Protecting Their First Class Seats on the Titanic
The quote in the title of this piece is from , said in a recent interview with David Sirota. Here’s just a part (emphasis and paragraphing mine):
Sirota: The Democratic Party leadership has lost the White House, Congress, 1,000 state legislative seats and many governorships. Why is the party still run by the same group of people who delivered that electoral record?
Sanders: Because there are people who, as I often say, would rather have first class seats going down with the Titanic, rather than change the course of the ship. There are people who have spent their entire lives in the Democratic Party, there are people who’ve invested a whole lot of money into the Democratic Party, they think the Democratic Party belongs to them. You know, they own a home, they may own a boat, they may own the Democratic Party.
I mean, that’s just the way people are, and I think there is reluctance on some, not all, by the way — I mean, I ran around this country and I met with the Democratic Party leaders in almost every state in the country. Some of them made it very clear they did not want to open the door to working people, they did not want to open to door to young people. They wanted to maintain the status quo.
On the other hand, I will tell you, there are party leaders around the country that said, “You know what, Bernie? There’s a lot of young people out there who want to get involved. We think that’s a great idea, and we want them involved.”
Those who said “You know what, Bernie? There’s a lot of young people out there who want to get involved. We think that’s a great idea” — they don’t run the Party when it comes to its top layers of leadership. Not by a very long shot.
So what’s a progressive to do? It should be obvious. The Democratic Party has to change its policy offering, from “You can’t have what all of you want” to “If the people want a better life, we will give it to them.”
Yet this is not so easily done. For the message to change, the leadership must also change.
Which raises the critical question: How do we depose Chuck Schumer, Nancy Pelosi, Steny Hoyer, and the rest of their kind and make people like Bernie Sanders and Jeff Merkley the Party leaders instead?
After all, if someone like Bernie Sanders isn’t Senate Majority Leader, if a Sanders-like politician (Ted Lieu perhaps) isn’t Speaker of the House, what’s the point of electing more back-bench progressives, more “supporting cast” players?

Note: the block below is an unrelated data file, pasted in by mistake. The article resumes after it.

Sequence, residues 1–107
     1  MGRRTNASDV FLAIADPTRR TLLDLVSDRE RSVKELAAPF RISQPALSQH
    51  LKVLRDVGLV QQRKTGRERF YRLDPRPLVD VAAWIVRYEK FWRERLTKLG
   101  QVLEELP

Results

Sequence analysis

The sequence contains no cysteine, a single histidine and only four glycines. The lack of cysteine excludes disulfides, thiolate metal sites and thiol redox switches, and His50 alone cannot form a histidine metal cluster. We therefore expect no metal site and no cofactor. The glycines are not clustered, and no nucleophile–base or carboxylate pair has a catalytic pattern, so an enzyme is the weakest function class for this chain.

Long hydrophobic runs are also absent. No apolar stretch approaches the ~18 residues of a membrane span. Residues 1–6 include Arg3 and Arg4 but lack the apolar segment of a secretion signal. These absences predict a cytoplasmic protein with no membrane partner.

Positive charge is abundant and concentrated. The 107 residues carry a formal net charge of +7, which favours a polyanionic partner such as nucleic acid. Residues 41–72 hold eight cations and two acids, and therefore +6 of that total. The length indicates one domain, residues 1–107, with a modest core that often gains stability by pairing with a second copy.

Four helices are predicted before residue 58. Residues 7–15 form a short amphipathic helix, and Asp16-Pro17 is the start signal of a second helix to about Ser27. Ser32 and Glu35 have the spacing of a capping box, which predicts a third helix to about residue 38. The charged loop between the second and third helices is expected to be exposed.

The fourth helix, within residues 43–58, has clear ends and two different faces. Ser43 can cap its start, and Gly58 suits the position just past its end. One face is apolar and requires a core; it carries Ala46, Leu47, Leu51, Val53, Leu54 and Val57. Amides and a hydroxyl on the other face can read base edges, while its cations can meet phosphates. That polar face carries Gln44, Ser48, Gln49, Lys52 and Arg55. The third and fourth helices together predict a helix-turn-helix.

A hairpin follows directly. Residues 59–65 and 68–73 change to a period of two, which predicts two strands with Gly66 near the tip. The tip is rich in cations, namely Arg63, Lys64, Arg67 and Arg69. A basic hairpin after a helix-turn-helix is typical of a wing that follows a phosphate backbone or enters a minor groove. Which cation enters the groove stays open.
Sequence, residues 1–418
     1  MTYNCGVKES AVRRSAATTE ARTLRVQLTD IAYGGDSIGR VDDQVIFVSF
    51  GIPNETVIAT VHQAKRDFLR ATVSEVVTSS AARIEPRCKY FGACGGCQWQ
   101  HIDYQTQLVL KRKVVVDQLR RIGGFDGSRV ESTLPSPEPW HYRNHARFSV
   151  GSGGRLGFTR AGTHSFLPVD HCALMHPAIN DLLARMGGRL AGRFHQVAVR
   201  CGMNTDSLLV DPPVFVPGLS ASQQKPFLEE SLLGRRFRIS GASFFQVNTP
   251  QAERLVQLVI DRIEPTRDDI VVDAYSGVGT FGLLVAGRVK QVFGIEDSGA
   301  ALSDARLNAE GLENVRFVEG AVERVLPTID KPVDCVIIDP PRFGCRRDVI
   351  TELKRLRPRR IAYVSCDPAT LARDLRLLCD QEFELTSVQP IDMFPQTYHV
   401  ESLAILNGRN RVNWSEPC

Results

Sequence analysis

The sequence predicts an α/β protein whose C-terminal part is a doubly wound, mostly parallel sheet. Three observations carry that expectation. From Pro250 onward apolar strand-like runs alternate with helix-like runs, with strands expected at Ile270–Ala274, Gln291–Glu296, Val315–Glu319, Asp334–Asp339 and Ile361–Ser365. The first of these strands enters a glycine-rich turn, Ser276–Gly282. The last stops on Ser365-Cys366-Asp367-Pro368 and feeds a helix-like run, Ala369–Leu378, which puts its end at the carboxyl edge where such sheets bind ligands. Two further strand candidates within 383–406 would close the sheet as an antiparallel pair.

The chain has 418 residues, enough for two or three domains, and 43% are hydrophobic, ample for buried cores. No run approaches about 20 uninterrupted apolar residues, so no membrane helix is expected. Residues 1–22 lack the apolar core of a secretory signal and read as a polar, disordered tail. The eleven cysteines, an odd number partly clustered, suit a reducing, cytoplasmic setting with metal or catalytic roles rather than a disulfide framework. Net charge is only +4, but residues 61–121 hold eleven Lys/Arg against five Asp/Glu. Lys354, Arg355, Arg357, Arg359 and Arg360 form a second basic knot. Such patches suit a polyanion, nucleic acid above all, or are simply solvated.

If there’s no way to do that — and soon, given the ticking clock — we’re Sisphus pushing the same heavy bolder up the same high hill, year after year, decade after decade, till we die or the game is finally truly over. 2018 is around the bend. 2020 is coming. Après ça, le déluge. Not much time to solve this one.
Completely filling the Second Class cabins on the Titanic with our people (that is, populating Congress with progressives who are nevertheless kept from leadership and control) won’t change what goes on in the Captain’s cabin and on the bridge.
Put more simply, we need to control the Party, or when the clock truly runs out, all this effort will truly have been pointless. I’m not fatalistic. I assume there’s a way. So here’s my first shot at an answer.
Elected Progressives Must Openly Rebel Against Their “Leaders”
In order for the revolution inside the Democratic Party to work, our elected progressive congressional representatives senators, must work to depose Pelosi and Schumer (etc.) and take power. More — they must do it visibly, effectively and now, in order to convince the 42% of voters that someone inside the Party is trying to knock these people out of the Captain’s chair.
We voters and activists have our own challenges. This is the challenge for the electeds we’ve already put in place. If our elected progressives don’t do this — or won’t do this — “tick-tick-tick” says the world-historical clock on the wall. And we can all go down together, steerage and First Class alike.
It’s time to step up, elected progressives. It’s also time to be seen to step up. Read the Paul Craig Roberts quote at the top again. If the Party’s failed leaders aren’t deposed, the revolution will have failed.
It’s a moment for real courage, and moments of courage bring moments of great fear. I understand that this kind of open rebellion, open public confrontation, a palace coup in front of the TV cameras, is frightening.
It’s also necessary.
My ask: If you agree, write to your favorite elected progressive and say so. No more gravy train for Democratic elites. Meat and potatoes for voters instead. Complete the Sanders revolution by changing House and Senate leadership — now.
I know this puts some very good people on the spot. But maybe that’s a feature, yes?